The joke is about the B-52’s that sowed bombs like seeds from 35,000 feet. Craters are everywhere on the Plain of Jars, where everything less substantial than the stone jars themselves was destroyed. People hid in caves by day and farmed for their subsistence at night. The population of the plateau was reduced from 150,000 to 9,000, according to Kurlantsick’s journalistic sources.
But the CIA did not do the bombing. The American military did it from bases in Thailand. The CIA ordered air support for Hmong operations, but the eventual massive bombing was a campaign directed from the White House – namely, by Kissinger and Nixon. In the first year of the Nixon administration the bombing of Laos exploded from no more than 20 bomber runs a day to 300 a day, and it increased in subsequent years.
Kurlanzick says, “Massive bombing seemed to hold an appeal to Nixon beyond its direct merits as a policy tool.” The White House tapes reveal conversations in which Nixon, posing in public as a peacemaker, talks in private of “going for broke” in the bombing and having a will “in spades” to use the power of commander in chief that his predecessors lacked. The tragic irony of this cynicism is that Nixon knew the bombing was ineffective. In a note discovered recently by Bob Woodward, Nixon told Kissinger, “We have had 10 years of total control of the air in Laos and Vietnam. The result – Zilch.”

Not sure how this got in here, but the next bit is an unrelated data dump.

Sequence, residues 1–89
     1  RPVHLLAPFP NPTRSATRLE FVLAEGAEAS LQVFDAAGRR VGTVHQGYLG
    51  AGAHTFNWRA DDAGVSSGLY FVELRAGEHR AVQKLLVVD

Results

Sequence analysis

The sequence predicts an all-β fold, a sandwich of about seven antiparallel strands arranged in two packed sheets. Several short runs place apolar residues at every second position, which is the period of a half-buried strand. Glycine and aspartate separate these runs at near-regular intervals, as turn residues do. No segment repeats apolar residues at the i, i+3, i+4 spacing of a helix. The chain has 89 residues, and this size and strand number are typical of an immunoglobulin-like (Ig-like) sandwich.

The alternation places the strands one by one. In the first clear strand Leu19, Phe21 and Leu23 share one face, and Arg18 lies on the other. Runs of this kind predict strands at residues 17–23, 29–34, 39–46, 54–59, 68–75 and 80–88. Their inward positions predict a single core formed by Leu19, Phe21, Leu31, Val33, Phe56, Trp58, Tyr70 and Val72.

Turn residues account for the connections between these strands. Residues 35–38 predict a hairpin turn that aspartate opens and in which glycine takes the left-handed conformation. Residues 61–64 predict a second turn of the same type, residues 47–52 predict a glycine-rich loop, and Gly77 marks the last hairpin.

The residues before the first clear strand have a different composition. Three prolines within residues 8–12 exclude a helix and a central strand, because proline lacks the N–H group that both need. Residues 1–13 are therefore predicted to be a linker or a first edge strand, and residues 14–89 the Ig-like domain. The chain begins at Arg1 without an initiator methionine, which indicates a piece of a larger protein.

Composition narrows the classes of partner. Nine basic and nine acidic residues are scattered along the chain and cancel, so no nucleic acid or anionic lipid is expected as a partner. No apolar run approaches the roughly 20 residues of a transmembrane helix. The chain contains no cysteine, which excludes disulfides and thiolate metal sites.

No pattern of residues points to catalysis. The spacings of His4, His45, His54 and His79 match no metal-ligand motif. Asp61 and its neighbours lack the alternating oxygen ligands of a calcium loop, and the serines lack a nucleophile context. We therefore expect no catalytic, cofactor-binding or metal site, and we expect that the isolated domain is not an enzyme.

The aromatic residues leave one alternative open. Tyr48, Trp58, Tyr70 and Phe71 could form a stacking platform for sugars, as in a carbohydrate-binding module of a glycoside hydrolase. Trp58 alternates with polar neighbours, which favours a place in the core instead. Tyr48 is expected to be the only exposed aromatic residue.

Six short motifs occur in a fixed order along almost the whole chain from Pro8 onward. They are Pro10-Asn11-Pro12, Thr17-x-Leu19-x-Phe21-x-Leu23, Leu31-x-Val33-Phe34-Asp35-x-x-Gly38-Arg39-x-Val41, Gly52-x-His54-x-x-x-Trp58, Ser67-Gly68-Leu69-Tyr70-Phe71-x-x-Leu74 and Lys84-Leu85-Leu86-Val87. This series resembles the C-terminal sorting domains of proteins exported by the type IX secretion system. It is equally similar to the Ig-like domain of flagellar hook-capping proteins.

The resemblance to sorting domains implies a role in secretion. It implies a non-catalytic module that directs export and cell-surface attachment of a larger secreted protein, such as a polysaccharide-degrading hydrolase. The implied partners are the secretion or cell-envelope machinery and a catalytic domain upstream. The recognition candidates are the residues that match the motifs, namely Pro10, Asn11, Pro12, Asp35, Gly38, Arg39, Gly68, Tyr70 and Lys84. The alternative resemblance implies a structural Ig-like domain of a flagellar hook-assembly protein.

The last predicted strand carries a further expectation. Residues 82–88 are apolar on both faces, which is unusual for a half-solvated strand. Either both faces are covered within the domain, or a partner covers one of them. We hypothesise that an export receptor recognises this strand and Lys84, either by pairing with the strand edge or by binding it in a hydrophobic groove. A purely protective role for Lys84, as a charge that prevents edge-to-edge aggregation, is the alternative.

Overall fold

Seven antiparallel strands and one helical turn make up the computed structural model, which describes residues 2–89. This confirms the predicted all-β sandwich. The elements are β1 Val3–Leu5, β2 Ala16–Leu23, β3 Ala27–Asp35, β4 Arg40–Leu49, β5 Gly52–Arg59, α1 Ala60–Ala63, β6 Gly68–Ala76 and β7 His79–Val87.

There is a horrifying zilchness in the moral distance of this isolated, insecure, often drunk, anti-liberal Republican president’s reckoning of Lao deaths and suffering. He once asked Kissinger, “How many did we kill in Laos?” His esteemed counselor responded about 15,000. Kurlantzick quotes this taped exchange without comment on Kissinger’s dismissive response, but it is clear from other accounts of the Lao bombing that the secretary of state-national security advisor knew better. William Sullivan, the U.S. ambassador who ran the secret war from Vientiane until 1968, was close enough to Kissinger to be his representative at the Paris peace talks.
The casualty rate in Laos – about 10 per cent of the population or 200,000 – was higher than for any other group in the last 75 years of the world at war. And the deaths and injuries in Laos continue due to unexploded cluster bombs. Christopher Hitchens in his indictment of Kissinger (“callous indifference to human life and human rights,” “depraved realpolitik”) called the main publication of the Council on Foreign Relations, Foreign Affairs, a “house organ of the State Department,” where Kissinger, its former secretary, is still revered. That would explain why Kurlantzick lets him off easy.
But for the others – CIA directors and out-of-control field agents, false diplomats, fumbling pseudo-military spooks, propagandizing presidents, willfully blind Senators – there is no hiding place down there anymore.